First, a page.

You should file your tax returns using the filing status "married filing separately" which means that you would only report your own income and your own deductions.
That being said, if your relationship with your wife is still on good enough terms, you could file as married filing jointly, but the IRS will not issue two checks for any refund so you'll have to work out with your wife how to make sure you get part of the refund. One possible solution would be for her to give you cash equal to half of the refund now and then she can keep the entire refund when she gets it.
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How you file your taxes does not affect your divorce.
I am not aware of any rule requiring you to file jointly, although your tax preparer may know of reasons why it is a good idea for you to do so.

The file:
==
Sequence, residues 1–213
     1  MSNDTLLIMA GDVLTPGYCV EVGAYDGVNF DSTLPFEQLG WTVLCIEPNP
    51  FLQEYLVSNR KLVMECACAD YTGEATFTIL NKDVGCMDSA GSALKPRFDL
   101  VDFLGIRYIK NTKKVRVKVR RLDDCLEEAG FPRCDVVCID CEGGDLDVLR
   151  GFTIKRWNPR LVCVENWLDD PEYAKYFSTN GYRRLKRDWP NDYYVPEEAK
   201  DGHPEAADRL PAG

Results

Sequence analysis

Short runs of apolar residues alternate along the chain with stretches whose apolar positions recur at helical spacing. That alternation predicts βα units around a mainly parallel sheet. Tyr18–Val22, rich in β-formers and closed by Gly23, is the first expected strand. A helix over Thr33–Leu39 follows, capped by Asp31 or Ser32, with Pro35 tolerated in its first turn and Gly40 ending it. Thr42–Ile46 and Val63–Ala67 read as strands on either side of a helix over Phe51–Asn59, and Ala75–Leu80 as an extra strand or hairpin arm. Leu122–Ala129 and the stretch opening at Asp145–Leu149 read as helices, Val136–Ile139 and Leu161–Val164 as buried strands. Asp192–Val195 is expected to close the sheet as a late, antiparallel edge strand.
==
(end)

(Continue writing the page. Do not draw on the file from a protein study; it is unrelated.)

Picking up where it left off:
If you file jointly and get a refund, the refund will be payable to both of you, so you would both need to sign the check.
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The parties can either file a joint tax return, or you can file married but separate. If you file a joint return, the check will come in both your names. Your tax person can advise you in regard to which filing would be best for you.
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You only want to file jointly if you think there will be no issues when it comes to splitting the refund. If you guys are not getting along at all, file as Married Filing Separately and save yourself a headache.
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